Friday, 19 March 2010

White sauce - experienced cooks look away

It took me years to master a white sauce. I was shown at an early age by my mother how to do it, but when trying to replicate it, it always went horribly wrong. Lumpy, floury and gross.

My mother, in her haste to make food for 4 children, while repairing a wall that had fallen down in the middle of the night and fixing the car, had left out two quite important steps when she was talking me through it, which I later discovered when reading a cookbook. Can't remember which.

So here we go, this is a white sauce. I'm not including exact amounts, because they don't really matter. The important thing is that you get the hang of the method and the idea.

Take a knob of butter, approximately 50g and melt it gently in a pan

Now take the pan off the heat (this is very important) and sprinkle over a tablespoon of flour. Stir in with a wooden spooon until there are no lumps. Add flour bit by bit until you have made a sort of butter-and-flour paste. Stop when it is still on the creamy side, rather than stiff and dry.

Now add about two glugs of milk and with a wooden spoon or whisk (still with the pan off the heat) mess it about until it seems more or less mixed in. A couple of little lumps don't matter.

Put the pan back on the heat and pour in the rest of the milk - eg. probably about 3/4 of a pint if you were doing a macaroni cheese for about 4-6 people.

Heat it all over a medium flame, stirring often with a whisk or a wooden spoon - or a combination of both. About three or four minutes into this, you ought to find that the sauce starts to thicken. At this point you can add cheese if you are making a cheese sauce. Either way, throw in a pinch of salt and a few twists of pepper.

After the sauce has thickened and you've added your extra ingredients cook the sauce for a bit - maybe 4 or 5 minutes or even more - over the lowest flame you've got, stirring all the time. This extra bit of cooking is what prevents the sauce from forming that horrible grainy floury texture that happens so often.

If you wander off for a minute and then come back and it's formed a skin, don't worry, just stir this all in. If for some reason your sauce turns out much more thick than you wanted it, you can add more milk.

And that ought to be that.

9 comments:

  1. Zing! I did just this the other night. Threw in some Wensleydale and Jarlsberg, stir stir stir. Toss with Pasta, place in a dish, top with garlicy bread crumbs, bake for a bit... mac and cheese!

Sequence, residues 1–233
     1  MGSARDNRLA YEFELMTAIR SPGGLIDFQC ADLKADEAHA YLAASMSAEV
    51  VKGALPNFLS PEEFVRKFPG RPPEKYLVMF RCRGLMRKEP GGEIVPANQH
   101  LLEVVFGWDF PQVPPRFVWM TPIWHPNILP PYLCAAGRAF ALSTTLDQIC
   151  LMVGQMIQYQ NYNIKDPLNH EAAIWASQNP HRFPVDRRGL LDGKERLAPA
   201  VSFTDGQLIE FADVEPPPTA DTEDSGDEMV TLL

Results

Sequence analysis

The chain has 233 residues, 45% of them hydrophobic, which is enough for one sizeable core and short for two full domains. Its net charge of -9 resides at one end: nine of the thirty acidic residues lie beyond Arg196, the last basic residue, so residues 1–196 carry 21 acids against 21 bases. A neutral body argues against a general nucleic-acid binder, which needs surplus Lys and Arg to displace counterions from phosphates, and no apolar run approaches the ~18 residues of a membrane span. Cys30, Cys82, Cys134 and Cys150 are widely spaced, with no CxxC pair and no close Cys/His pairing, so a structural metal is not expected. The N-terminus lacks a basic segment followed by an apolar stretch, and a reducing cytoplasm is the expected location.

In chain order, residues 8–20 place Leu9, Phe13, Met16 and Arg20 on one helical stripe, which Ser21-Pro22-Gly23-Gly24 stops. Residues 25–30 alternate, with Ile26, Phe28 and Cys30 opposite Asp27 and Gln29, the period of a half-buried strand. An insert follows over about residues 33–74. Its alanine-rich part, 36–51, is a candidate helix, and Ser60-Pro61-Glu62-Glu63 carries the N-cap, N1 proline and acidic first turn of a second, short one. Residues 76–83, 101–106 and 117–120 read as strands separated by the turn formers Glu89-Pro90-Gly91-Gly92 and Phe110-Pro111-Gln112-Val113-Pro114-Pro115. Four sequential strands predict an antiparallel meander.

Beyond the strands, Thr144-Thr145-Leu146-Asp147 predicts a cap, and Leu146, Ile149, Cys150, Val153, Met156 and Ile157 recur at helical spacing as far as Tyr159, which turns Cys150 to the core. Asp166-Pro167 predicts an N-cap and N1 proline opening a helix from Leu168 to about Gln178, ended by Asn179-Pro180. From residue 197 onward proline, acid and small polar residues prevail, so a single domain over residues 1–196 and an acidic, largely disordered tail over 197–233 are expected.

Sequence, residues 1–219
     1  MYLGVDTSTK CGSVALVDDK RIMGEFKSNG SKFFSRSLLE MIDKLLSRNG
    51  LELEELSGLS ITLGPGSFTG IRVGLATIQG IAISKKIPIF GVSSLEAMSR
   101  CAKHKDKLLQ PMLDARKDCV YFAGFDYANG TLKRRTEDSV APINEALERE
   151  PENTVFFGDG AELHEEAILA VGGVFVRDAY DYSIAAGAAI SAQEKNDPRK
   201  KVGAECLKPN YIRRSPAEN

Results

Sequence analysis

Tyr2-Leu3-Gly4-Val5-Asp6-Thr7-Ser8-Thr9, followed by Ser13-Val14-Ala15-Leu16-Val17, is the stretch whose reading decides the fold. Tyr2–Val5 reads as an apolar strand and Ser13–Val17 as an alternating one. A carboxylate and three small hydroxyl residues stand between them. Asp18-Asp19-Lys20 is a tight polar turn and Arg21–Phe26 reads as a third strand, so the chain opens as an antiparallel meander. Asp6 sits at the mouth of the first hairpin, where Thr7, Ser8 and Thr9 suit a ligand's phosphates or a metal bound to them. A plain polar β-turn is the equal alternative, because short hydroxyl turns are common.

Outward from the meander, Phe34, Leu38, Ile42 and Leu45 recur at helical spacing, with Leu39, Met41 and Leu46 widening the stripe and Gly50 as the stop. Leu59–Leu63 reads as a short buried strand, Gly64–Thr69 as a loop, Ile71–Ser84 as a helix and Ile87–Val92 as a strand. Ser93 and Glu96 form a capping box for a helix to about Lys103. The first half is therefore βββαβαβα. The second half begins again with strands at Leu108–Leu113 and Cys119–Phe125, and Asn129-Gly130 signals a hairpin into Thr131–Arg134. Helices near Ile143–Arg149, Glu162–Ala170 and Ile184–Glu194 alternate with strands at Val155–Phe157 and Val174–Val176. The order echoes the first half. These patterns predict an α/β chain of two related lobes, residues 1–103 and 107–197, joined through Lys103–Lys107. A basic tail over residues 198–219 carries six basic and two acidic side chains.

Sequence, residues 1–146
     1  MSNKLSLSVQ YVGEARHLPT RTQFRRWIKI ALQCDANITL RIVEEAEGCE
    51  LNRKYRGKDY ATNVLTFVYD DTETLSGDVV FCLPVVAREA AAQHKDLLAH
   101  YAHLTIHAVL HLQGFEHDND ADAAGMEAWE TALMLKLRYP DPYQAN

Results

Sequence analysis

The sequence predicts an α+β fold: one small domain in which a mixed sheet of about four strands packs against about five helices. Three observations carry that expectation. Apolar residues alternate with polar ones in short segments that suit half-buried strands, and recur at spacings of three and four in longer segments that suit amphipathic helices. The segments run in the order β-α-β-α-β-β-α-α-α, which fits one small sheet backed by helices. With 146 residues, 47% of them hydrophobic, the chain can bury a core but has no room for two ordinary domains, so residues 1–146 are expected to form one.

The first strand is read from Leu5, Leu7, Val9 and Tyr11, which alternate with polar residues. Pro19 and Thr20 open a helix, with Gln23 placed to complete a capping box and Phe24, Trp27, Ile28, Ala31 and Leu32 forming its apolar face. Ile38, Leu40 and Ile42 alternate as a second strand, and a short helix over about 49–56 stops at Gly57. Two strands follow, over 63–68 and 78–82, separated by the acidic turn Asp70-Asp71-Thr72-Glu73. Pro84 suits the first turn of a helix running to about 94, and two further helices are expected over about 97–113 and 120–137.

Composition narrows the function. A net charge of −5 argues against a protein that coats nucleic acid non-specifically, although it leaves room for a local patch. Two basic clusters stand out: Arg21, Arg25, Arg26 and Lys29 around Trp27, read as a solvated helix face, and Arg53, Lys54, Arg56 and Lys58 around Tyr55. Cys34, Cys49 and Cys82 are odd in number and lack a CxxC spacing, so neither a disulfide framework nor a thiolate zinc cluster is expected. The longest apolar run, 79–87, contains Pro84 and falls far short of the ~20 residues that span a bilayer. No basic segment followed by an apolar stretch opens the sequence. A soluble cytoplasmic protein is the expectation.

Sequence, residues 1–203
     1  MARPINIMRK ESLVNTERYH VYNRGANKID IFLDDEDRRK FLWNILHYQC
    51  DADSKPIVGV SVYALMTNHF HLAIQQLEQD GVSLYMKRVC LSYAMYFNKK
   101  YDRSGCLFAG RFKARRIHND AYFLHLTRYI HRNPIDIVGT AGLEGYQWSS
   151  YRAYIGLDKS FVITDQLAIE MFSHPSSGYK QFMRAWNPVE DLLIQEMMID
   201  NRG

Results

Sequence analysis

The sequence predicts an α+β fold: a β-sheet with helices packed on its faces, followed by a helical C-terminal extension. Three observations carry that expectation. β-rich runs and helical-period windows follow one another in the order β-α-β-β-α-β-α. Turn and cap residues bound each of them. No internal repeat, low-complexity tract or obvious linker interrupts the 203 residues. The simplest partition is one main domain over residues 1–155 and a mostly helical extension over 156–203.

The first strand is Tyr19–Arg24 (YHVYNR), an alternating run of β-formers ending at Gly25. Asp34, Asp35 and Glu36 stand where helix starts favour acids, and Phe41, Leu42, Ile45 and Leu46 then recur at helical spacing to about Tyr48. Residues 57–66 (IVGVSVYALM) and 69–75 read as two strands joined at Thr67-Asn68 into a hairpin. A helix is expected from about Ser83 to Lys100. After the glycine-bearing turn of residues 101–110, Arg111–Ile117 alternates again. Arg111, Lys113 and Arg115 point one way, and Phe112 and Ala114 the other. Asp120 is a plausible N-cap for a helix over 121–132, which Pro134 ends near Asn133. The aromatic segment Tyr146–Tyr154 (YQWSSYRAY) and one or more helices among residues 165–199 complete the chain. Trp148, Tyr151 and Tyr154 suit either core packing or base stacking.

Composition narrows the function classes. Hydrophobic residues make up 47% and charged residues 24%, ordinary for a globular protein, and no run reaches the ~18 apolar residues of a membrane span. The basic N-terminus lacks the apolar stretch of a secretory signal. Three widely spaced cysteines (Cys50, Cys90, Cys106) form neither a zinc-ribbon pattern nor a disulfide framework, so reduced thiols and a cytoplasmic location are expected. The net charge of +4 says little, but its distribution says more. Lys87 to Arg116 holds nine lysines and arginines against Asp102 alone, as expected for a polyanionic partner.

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  2. I'm dying to know what steps she left out!
    I always put far too much flour in and end up making about 2 pints of the stuff...

    Emily

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  3. It was taking the pan off the heat while you make the roux and the last cooking stage.

    The making-too-much problem I think can be remedied by experience. There ARE recipes that will tell you how much butter and flour to use for how much sauce but frankly, I always find trial and error more fun xxx

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  4. yeaa.. I'm always scared of making white sauce, especially when it involves cream, because it turns into some sort of horrible liquidy white-spotty stuff....

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  5. does it?! that doesn't sound right... try it maybe without the cream? I must say, cream doesn't do much to improve a white sauce. I tend to use cream OR a white sauce but don't bother mixing the two. overkill.

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  6. Thankyou very much for this! I will try it as soon as poss and let you know how it goes.

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  7. I was going to say this recipe has changed my life but decided that's a bit strong, I'm sad but not that sad, but it has made a very positive impact! I'm so glad I've finally found a straightforward recipe for white sauce, I could never get it to work before and I think it was the whole 'taking it off the heat' step that I was missing. Since reading this a few months ago I've made all sorts of exciting things incorporating white sauce and I currently have a moussaka cooking in the oven (but God knows how that'll turn out, it's a mishmash of about 3 recipes and just some guess work!)

    Anyway just thought you'd appreciate some feedback. Hope all goes well with the forthcoming birth and they give you lots of good drugs to take the pain away.

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  8. Oh that makes me terribly happy - thank you very much for taking the trouble to write. That has inspired me to get off my arse and take some photos to go with this.

    Moussaka is my absolute favourite. I'm having something quite boring for dinner so I am jealous. A 3-recipe mish mash always turns out great. x

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  9. Ah forget about the photos for now, you're pregnant, you should be sitting on a comfy chair with your feet up, drinking tea and eating biscuits, it's the law!(if it isn't, it should be!?!)

    Just thought I'd say (as I'm so impressed with myself and feel the need to share) that the moussaka turned out surprisingly well and I ate it while watching Come Dine With Me on C4+1 and feeling very smug cos their dinner looked rubbish! The only problem is I didn't write down how I made it and I'm not sure I can re-create it.....the cinammon seemed to be the secret ingredient...I think.... :)
    Angela

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